Thursday, March 17, 2011

ISKCON temple in Japan give out message of brotherhood

About 50 Nepalese hit by tsunami have taken shelter at ISKCON temple in Tokyo; Gujarati and Rajasthani families provide food, blankets to keep them warm

Evacuees carrying food from a soup kitchen back to their shelter in Minamisanriku in northern Japan on Wednesday
Indians in Tokyo continue holding out hope for the victims of quake and tsunami and spreading the message of brotherhood. ISKCON temple, has given shelter to 40 Nepalese who had to leave Sendai airport area after the nature’s fury hit the region.

Shrikant Shah, a committee members of the temple who is active in helping the victims in all possible ways, told Mirror on telephone from Tokyo, “We were approached by the Nepali embassy. It requested us to give shelter to 200 Nepalese but it was not possible for us to arrange for so many people. We will be providing shelter to 40 to 50 of them.”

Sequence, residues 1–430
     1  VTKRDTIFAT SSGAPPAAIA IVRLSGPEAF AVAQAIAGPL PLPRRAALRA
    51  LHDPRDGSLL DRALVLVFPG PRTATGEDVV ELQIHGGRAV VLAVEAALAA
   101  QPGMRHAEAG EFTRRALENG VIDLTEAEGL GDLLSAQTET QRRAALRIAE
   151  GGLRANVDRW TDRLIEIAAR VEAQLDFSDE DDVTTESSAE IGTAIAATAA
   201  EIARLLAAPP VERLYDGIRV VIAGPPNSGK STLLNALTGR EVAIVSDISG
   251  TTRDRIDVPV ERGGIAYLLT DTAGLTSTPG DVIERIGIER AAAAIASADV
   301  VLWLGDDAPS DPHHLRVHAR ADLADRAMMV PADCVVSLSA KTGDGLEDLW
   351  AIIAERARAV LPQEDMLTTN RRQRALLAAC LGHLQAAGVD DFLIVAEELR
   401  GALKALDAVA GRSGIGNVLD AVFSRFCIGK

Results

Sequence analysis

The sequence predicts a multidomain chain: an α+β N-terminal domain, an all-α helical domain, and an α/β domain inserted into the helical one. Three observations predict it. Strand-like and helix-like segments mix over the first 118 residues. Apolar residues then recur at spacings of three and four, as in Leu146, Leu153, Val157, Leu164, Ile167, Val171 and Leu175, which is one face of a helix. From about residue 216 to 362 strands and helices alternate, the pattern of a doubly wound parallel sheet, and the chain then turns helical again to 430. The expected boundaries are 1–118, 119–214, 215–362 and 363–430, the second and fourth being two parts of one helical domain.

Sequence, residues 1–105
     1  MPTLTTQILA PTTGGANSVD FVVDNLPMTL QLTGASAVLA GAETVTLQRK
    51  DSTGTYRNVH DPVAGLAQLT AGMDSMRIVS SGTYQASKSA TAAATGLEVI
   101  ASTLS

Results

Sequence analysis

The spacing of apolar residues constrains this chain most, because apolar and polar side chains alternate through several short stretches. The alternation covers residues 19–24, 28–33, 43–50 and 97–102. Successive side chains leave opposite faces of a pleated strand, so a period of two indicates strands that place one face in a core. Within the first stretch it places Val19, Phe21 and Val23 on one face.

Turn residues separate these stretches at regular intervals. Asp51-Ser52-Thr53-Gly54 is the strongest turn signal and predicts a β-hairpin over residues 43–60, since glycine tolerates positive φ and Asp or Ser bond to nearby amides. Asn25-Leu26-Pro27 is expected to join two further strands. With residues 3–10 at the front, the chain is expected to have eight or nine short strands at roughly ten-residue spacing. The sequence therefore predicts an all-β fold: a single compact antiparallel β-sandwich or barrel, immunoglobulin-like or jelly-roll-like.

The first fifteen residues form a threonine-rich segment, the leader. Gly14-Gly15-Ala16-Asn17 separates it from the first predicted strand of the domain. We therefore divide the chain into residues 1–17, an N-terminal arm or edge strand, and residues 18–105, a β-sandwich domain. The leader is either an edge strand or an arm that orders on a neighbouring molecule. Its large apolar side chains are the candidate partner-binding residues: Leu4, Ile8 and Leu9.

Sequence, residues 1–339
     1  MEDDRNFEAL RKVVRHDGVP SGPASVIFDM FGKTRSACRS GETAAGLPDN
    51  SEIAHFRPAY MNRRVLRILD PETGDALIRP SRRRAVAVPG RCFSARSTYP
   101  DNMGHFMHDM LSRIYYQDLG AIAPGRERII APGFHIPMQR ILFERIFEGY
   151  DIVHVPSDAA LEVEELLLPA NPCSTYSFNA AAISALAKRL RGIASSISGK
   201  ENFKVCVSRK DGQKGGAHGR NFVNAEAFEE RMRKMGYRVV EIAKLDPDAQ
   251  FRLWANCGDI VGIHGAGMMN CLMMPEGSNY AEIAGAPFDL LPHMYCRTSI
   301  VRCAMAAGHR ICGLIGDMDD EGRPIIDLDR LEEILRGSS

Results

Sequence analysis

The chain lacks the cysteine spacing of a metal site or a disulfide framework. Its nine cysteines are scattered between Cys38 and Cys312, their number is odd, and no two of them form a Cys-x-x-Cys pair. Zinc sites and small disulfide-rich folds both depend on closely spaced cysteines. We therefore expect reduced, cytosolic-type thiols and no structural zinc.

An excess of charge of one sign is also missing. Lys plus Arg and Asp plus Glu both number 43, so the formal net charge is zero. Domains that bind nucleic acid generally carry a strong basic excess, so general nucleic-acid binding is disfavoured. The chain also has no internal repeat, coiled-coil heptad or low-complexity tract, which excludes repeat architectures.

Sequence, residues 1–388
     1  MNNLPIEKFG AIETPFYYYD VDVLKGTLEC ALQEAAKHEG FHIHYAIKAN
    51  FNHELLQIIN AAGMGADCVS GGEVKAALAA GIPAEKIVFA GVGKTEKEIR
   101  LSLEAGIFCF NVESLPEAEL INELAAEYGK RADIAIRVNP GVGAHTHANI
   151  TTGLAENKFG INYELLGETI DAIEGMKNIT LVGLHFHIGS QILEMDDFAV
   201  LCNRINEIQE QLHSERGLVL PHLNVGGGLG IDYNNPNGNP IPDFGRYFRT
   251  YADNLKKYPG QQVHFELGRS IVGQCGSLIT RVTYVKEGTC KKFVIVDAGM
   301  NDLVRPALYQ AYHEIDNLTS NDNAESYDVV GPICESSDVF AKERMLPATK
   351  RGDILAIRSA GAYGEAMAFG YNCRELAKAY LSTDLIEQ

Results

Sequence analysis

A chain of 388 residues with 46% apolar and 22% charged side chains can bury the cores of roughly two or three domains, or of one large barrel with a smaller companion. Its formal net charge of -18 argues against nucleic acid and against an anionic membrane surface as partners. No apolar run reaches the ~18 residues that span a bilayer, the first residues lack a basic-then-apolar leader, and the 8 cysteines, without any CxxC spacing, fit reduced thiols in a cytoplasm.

As the numbers are high and the temple is still under construction, providing all the basic amenities was a little difficult. “But we are trying our best,” said Shah. Manoj Singh, a Jaipur native, has also pitched in to help the victims. He has given shelter to 10 people in one of his halls.

“We did not have enough blankets to keep them warm so we borrowed them from some Gujarati families who readily gave them.” Not only this, the Gujarati families also got together at the Govinda restaurant of ISKCON to prepare food for the refugees. Biryani and khakhras were made for them as there was shortage of food.

“We are arranging for the food on Thursday from another restaurant,” Shah said. For their act of kindness, the Nepali ambassador is expected to visit and thank the temple on Thursday

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